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Are rapid response teams saving lives? A new study says no
JAMA article reports no difference in mortality after intervention
While a rapid response is important in trying to save lives and prevent in-hospital deaths from cardiac arrest, the vehicle for that response is now called into question. A report in the Dec. 3, 2008, issue of the Journal of the American Medical Association (JAMA) examines the effect of a rapid response team intervention on hospital-wide code and mortality rates. The conclusion: "Implementation of a rapid response team was not associated with lower hospital-wide code rates. Similarly, rapid response intervention was not associated with improvements in the clinically meaningful outcome of hospital-wide mortality."1
In what the authors say is the first study to look at the adult population and non-ICU code rates, data were gathered prospectively at Saint Luke's Hospital, a tertiary care 404-bed hospital in Kansas City, MO. Data represented either a pre- or post-intervention period, before or after rapid response team intervention. Before the RRTs, comprising two ICU nurses and a respiratory therapist, were rolled out, staff were educated for four months on using the intervention, and standard criteria for activation were employed.
"One of the major reasons we decided to do the study was to get a better sense of whether or not these rapid response teams have a significant difference in the hospital setting," says lead author Paul S. Chan, MD, MSc, of the Mid America Heart Institute and the University of Missouri. "The literature on rapid response teams has been quite mixed, and part of it is there are differences in how those studies have been performed and what was being measured, and we felt pretty strongly from the get-go that because prior studies had not measured code rates outside the intensive care rate," it was important to do that, he says.
Looking only at code rates is "just a surrogate outcome for the truly important outcome of post-survival and mortality," Chan says, and if the team had found a statistically significant decrease in either ICU or non-ICU code rates, there are multiple factors that could have influenced that, such as activation of a DNR in which the code would not be made or transfers to higher levels of care.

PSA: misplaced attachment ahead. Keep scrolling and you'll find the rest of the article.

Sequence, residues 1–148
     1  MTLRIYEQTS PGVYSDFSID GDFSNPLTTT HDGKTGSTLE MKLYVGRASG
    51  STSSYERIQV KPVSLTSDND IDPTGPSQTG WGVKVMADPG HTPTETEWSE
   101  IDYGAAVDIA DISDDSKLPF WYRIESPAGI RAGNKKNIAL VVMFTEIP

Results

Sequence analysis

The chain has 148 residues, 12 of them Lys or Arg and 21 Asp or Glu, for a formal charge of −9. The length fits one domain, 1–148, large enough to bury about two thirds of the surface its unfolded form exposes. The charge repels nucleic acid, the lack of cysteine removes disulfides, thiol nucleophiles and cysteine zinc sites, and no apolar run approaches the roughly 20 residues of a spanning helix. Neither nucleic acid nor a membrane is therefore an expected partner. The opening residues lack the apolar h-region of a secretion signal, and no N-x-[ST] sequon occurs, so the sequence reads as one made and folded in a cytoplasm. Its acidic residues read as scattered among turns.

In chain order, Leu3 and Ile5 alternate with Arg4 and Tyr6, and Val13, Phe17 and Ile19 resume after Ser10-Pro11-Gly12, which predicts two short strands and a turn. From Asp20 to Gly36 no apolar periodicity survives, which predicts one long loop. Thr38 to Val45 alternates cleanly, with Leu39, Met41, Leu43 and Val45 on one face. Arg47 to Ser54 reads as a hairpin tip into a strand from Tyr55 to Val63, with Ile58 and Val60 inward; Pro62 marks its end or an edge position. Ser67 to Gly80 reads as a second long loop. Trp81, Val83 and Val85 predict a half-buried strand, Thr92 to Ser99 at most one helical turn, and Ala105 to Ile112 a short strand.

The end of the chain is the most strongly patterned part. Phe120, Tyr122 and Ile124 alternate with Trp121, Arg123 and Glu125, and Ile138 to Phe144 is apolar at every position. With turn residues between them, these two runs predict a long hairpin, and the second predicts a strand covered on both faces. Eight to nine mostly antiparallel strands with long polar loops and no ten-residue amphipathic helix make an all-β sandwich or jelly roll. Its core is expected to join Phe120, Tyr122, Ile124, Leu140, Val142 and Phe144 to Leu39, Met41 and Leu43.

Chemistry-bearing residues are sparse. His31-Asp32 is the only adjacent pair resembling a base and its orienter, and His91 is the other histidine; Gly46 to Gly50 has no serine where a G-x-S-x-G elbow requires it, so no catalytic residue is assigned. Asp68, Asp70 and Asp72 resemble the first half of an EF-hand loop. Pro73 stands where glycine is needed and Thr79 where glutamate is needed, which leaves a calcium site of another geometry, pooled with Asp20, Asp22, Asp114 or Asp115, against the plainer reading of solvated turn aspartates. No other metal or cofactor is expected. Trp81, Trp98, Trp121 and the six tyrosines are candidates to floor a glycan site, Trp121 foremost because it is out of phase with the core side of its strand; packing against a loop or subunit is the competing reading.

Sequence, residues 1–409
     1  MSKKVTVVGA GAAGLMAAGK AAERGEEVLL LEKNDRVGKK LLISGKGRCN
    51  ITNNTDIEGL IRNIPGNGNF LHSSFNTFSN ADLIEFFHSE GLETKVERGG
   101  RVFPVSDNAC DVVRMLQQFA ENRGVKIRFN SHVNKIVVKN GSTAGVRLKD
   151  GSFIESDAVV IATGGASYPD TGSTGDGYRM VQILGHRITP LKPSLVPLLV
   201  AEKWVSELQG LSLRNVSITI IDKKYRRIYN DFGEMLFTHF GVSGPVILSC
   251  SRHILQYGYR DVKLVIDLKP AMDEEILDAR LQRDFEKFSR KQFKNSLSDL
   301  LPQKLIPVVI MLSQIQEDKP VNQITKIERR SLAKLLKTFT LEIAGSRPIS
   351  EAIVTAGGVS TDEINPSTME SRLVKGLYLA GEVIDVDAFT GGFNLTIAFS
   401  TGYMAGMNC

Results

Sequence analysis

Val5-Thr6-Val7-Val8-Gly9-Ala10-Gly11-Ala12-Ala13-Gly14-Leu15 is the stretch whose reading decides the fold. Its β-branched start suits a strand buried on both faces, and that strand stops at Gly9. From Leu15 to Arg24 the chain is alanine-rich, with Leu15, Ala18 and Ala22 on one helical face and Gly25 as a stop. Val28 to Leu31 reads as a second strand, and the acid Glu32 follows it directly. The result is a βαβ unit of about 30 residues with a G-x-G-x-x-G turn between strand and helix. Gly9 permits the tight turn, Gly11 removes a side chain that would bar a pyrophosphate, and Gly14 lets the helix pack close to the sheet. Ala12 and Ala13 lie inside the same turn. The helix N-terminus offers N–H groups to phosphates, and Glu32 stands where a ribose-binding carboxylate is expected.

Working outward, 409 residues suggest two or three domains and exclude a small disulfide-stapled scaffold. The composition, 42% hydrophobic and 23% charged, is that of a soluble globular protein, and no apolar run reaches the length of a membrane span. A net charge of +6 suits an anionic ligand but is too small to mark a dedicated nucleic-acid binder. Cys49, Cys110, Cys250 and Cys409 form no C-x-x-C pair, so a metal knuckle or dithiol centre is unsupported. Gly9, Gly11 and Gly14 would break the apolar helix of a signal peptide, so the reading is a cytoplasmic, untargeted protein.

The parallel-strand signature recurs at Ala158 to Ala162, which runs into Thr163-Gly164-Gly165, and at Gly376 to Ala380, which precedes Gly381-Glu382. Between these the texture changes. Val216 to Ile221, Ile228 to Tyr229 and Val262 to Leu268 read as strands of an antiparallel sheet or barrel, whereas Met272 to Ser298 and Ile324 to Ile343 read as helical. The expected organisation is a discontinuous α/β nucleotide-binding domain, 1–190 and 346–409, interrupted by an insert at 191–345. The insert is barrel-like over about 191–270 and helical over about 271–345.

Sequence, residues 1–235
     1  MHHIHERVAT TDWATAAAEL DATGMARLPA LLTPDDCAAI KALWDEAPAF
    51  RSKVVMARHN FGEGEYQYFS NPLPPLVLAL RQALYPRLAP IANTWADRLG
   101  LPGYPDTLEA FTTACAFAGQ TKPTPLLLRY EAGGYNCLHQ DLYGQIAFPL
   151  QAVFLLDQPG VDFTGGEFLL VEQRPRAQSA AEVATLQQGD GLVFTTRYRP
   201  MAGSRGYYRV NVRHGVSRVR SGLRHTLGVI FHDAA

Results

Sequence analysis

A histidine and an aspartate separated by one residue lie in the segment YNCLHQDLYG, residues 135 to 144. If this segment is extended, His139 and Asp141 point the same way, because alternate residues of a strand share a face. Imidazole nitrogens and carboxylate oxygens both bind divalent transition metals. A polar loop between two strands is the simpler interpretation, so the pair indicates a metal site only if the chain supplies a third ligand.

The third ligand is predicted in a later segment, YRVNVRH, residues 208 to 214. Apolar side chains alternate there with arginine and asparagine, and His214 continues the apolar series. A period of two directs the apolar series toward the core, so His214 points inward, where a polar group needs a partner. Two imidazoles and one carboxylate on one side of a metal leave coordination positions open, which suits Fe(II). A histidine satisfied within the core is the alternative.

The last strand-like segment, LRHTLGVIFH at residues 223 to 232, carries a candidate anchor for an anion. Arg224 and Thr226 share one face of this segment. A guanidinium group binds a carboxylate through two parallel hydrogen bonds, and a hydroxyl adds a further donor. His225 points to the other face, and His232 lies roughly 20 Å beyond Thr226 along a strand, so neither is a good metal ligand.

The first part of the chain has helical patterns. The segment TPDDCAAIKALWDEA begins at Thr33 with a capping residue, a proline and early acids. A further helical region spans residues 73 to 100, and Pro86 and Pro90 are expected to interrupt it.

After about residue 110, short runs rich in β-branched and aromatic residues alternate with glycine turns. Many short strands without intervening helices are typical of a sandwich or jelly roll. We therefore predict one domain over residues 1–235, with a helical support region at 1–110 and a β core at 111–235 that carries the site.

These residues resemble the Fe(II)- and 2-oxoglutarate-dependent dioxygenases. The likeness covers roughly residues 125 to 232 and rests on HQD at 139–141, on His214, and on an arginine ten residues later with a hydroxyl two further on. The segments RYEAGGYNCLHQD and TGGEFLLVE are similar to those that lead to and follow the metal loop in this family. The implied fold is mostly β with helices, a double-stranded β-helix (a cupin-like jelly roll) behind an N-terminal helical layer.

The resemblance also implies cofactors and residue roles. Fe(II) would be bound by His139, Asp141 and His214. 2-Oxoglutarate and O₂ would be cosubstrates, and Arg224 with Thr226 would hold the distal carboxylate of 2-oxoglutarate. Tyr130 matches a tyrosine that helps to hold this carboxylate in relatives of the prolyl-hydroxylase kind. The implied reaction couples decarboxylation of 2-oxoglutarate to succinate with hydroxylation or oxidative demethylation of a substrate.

The Joint Commission, in Patient Safety Goal #16, asks that hospitals "improve recognition and response to changes in a patient's condition," and as part of its elements of performance specifies that a facility has in place an early recognition and response method suitable to the organization, though this does not necessarily mean that a rapid response team has to be the method selected.
The Institute for Healthcare Improvement in 2004, began to call for hospitals to establish rapid response teams as part of its 100,000 Lives Campaign, which has now morphed into the 5 Million Lives Campaign. (For a list of IHI tools on implementation and measurement information, see www.ihi.org/IHI/Programs.)
Could a different conclusion be made?
Although the IHI acknowledges the technical sophistication and methods used in the study, in an online discussion of the article, President Don Berwick questioned that the hospital-wide code rate per 1,000 admission could be considered statistically significant if one used the Bayesian model in looking at the p value.
Paul J. Sharek, MD, MPH, chief clinical patient safety officer at Lucile Packard, was lead author of a 2007 JAMA study showing a favorable effect on codes and mortality rates outside of the pediatric ICU setting in which a RRT intervention was made.2
He points to the study's primary outcome of hospital-wide code rates vs. codes outside of the ICU. "This is a big difference. Most sites who implement RRTs do so to address codes outside of the ICU setting, recognizing that codes in non- ICU settings are not likely to go as well as those in the ICU environment where ICU specialists are available immediately and have much more experience running codes.
"If we compared our primary outcome of codes outside ICU rates with this study, both studies showed statistically significant decreases. The mortality decreases clearly don't always occur, as has been shown in other studies as well, so this is not as surprising," he says.
Berwick concurs that the problem with the study "has to do with interpretation," specifically with the raw data comparing the pre- and post-intervention periods. "There was actually quite a dramatic effect on out-of-ICU code rates per 1,000 admissions. That code rate fell from about 11 to about eight — a major reduction," he says.